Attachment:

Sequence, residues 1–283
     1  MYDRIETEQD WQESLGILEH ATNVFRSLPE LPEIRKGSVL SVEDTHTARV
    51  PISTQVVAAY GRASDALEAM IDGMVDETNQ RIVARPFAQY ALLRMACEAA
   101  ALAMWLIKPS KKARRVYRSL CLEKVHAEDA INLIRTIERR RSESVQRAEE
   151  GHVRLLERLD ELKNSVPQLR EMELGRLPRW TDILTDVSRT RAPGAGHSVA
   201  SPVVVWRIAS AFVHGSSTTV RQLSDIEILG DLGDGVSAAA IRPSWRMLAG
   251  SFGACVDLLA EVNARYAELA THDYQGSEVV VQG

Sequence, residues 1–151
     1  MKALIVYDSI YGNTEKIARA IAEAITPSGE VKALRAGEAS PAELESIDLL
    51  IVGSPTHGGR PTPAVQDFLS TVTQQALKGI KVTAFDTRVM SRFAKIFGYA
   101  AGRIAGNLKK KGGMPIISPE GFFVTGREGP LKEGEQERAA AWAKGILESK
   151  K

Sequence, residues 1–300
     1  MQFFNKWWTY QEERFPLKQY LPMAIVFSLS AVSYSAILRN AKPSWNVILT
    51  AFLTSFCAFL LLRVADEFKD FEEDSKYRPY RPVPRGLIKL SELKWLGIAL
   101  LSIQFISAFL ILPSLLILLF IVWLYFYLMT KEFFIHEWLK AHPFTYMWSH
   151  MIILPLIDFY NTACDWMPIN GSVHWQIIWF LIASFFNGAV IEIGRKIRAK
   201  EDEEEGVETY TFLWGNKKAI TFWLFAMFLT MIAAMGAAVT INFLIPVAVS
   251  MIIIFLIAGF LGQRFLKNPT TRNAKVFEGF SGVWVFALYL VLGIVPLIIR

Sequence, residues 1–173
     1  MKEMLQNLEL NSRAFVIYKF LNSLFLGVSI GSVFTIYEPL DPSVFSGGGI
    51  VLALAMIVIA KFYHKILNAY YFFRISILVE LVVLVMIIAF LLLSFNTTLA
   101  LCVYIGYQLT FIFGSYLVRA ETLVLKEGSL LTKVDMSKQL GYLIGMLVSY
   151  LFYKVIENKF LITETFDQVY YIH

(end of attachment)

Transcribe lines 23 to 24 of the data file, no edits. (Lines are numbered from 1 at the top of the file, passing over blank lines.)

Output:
   101  LCVYIGYQLT FIFGSYLVRA ETLVLKEGSL LTKVDMSKQL GYLIGMLVSY
   151  LFYKVIENKF LITETFDQVY YIH